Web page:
The Officers and Council of the British Society for Gynaecological Endoscopy (BSGE) have decided to issue this additional statement in light of ongoing debate on power morcellation during laparoscopic myomectomy and hysterectomy procedures. As some of our members are aware, the Food and Drug Administration (FDA) in the USA issued an additional statement on 24 November 2014 advising against power morcellation, particularly in peri- and postmenopausal women. The BSGE has been working with the European Society for Gynaecological Endoscopy (ESGE) Morcellation Taskforce to prepare a report which will be released soon. Meanwhile we would like to remind our members of the keypoints on our position on this issue.


  • A recent Cochrane review comparing laparoscopic with open myomectomy demonstrated less pain and less fever with a laparoscopic approach. There was no difference in the recurrence of fibroids.
  • The risk of leiomyosarcoma (LMS) in a presumed fibroid is low.
    • Evidence for this risk is conflicting in the literature.
    • The overall risk of 1 in 350 quoted by the FDA is probably an overstatement.
    • The overall risk of an inadvertent LMS is probably less than 1 in 500, and this figure could be as low as 1:7400.
    • The risk of an inadvertent LMS is dependent on a woman’s age.
    • Inadvertent LMS in women under 40 is less than 1 in 1000.
    • The risk of inadvertent LMS in women having a myomectomy is lower than in those having a hysterectomy probably because this represents a younger group of women who want to preserve their fertility.
  • There is no single investigation that can warn of potential LMS.
  • LMS is a poor prognostic tumour in any event.
    • Non-enbloc dissection of uterine fibroids by myomectomy or with any form of morcellation probably carries a worse prognosis in the event of an inadvertent LMS being present.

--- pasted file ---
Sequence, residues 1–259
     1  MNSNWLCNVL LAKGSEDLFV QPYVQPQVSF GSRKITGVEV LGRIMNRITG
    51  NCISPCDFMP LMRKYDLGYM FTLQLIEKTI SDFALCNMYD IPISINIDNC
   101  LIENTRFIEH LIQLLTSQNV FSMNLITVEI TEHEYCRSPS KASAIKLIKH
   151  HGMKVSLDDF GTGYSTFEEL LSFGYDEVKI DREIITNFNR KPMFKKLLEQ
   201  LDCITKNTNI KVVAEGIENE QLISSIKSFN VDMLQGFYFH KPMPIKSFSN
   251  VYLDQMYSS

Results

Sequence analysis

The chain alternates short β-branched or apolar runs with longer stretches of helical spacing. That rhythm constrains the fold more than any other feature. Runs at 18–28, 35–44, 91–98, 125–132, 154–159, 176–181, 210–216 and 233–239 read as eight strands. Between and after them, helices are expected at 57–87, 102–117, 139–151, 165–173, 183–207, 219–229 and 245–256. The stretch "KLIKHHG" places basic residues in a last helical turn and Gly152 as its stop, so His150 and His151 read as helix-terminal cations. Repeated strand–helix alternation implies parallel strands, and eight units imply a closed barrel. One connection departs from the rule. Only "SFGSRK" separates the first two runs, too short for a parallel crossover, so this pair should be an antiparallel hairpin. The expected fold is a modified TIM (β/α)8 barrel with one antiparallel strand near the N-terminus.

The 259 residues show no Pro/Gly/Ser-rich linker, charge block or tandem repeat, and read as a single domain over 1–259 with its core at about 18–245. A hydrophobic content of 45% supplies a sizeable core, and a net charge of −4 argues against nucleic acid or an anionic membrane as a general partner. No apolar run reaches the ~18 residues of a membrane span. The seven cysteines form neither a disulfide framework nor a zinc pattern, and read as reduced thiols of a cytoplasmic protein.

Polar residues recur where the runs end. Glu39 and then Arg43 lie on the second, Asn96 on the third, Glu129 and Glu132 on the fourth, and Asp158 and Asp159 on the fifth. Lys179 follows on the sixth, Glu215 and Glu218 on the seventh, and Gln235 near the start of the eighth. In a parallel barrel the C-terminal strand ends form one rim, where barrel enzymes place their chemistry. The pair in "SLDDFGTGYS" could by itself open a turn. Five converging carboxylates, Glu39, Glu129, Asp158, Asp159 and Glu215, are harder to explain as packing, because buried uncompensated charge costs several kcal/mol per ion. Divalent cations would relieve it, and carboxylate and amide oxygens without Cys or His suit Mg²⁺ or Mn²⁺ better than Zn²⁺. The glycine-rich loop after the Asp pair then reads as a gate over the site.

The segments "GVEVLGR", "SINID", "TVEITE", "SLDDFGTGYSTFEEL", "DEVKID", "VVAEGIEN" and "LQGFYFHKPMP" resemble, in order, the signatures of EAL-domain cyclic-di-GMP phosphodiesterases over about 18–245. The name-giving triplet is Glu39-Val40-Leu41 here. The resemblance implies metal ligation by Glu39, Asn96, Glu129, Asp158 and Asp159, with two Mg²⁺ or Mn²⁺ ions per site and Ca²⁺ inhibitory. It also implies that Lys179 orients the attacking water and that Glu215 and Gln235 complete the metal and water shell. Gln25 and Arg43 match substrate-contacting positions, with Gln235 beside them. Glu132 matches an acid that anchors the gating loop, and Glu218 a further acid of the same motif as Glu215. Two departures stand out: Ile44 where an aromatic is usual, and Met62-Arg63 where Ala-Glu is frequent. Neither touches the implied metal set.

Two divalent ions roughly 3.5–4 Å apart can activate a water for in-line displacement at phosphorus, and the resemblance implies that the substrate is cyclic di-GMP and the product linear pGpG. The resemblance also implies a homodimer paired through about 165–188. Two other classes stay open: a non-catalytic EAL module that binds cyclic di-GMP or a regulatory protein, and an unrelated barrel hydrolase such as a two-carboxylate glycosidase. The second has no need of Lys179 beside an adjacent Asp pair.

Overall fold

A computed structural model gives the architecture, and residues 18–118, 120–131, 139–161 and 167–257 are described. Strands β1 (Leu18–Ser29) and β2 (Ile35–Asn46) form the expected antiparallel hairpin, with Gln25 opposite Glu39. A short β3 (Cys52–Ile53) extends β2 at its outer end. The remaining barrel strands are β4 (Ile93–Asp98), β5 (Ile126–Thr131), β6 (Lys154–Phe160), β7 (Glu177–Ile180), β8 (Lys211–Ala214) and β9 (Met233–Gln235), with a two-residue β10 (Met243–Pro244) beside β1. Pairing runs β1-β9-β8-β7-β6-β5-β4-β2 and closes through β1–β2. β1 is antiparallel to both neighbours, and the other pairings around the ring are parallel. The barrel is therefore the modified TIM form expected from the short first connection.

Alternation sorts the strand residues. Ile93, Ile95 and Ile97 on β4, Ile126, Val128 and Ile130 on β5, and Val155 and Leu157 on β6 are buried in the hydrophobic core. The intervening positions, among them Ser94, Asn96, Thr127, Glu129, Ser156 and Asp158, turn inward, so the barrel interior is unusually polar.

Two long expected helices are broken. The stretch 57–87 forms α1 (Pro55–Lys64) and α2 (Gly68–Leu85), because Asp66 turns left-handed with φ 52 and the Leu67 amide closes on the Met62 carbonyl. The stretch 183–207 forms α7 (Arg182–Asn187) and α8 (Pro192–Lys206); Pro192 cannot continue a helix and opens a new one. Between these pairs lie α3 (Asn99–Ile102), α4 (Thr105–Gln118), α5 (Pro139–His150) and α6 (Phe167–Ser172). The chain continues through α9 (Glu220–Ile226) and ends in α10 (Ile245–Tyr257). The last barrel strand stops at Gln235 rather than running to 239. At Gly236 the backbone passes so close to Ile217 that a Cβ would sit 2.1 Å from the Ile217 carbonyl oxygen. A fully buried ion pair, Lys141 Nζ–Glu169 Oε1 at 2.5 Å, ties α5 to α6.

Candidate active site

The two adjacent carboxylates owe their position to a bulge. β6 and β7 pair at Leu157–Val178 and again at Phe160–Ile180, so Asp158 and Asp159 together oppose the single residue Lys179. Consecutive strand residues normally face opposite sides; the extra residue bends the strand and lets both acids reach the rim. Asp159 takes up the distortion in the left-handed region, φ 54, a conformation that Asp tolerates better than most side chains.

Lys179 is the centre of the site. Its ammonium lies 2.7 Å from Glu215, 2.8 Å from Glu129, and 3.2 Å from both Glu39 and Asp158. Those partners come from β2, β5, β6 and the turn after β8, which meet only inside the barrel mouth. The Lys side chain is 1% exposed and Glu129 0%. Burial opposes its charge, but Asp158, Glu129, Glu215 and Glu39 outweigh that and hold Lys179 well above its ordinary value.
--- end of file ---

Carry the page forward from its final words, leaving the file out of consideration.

• Currently, there is no clear evidence that high powered morcellation carries a worse prognosis than any other form of non-enbloc dissection, but as there is such a paucity of evidence, absolute guidance on best practice is not possible.
  • Seeding of benign fibroids and the development of parasitic fibroids following high powered morcellation is recognised.
  • The significance of morcellation in the presence of a smooth muscle tumours of unknown malignant potential (STUMP) or atypical myoma (AM) is unknown.
  • A risk also exists for the presence of an inadvertent LMS in a presumed fibroid when other conservative approaches are undertaken such as observation, uterine artery embolization and MRI guided focused ultrasound.
  • The evidence supporting in-bag morcellation is scant with some advocating its use to reduce the risk of possible tumorous spread and others against it due to perceived increased risks of visceral and vascular damage.


As a result of the perceived best evidence available, the BSGE recommends;

  • There is a place for power morcellation in the management of women with uterine fibroids.
  • Best evidence supports the use of a laparoscopic approach to myomectomy. However, the surgical approach in myomectomy should be decided on an individual basis and will depend on a patient’s surgical & medical co-morbidity as well as the site, size, number and location of the fibroids, and the experience of the surgeon.
  • Women undergoing surgery for fibroids should be informed of the evidence listed above.
  • Surgeons who use power morcellators should be trained in its use.
  • Surgeons who perform laparoscopic myomectomy and hysterectomy should have received formal training in these procedures.
  • All surgeons who use power morcellators should participate in surgical audit and the clinical governance structures in place in the institutions they work in.
  • Informed consent is a process not an event and the evidence above should be explained prior to surgery.
  • Morcellation (of any type) should not be performed if a uterine malignancy is suspected or diagnosed.